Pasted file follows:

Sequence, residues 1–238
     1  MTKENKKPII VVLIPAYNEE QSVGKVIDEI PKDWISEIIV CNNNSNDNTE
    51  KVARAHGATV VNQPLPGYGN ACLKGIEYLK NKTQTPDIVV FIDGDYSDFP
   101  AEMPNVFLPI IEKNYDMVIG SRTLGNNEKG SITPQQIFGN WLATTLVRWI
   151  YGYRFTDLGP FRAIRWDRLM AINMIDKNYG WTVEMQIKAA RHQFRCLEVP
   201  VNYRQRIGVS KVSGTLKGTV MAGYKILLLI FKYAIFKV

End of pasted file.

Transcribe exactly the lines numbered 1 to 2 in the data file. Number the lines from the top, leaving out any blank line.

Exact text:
Sequence, residues 1–238
     1  MTKENKKPII VVLIPAYNEE QSVGKVIDEI PKDWISEIIV CNNNSNDNTE